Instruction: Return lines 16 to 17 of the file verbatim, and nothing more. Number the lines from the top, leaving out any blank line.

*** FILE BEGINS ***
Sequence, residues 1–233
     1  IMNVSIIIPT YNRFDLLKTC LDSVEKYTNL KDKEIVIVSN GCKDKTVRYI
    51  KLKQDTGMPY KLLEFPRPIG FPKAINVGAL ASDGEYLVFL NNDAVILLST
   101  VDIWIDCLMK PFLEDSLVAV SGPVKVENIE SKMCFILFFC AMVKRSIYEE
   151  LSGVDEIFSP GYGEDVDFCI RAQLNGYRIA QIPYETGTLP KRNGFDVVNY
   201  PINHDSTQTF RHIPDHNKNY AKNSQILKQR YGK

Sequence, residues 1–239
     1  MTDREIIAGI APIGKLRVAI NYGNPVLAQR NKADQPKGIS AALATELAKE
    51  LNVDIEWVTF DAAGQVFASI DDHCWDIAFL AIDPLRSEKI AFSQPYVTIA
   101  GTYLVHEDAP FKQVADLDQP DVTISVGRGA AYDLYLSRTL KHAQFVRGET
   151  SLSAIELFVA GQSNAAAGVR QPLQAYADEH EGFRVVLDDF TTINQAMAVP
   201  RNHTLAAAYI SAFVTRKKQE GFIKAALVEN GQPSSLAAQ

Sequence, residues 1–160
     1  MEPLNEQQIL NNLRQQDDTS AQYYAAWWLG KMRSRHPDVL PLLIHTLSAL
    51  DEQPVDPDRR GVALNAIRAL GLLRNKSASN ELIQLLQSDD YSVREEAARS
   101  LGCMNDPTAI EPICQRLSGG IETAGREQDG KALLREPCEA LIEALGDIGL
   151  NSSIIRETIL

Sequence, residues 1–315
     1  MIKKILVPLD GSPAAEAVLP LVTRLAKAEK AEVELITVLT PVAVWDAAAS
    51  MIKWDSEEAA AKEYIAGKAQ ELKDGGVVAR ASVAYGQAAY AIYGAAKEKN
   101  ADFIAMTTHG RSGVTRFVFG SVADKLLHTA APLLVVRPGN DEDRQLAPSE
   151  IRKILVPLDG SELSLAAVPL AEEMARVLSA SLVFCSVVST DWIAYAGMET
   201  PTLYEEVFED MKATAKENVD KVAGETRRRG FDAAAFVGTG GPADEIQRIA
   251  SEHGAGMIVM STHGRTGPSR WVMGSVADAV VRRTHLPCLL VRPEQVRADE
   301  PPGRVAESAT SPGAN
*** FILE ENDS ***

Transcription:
   101  LGCMNDPTAI EPICQRLSGG IETAGREQDG KALLREPCEA LIEALGDIGL
   151  NSSIIRETIL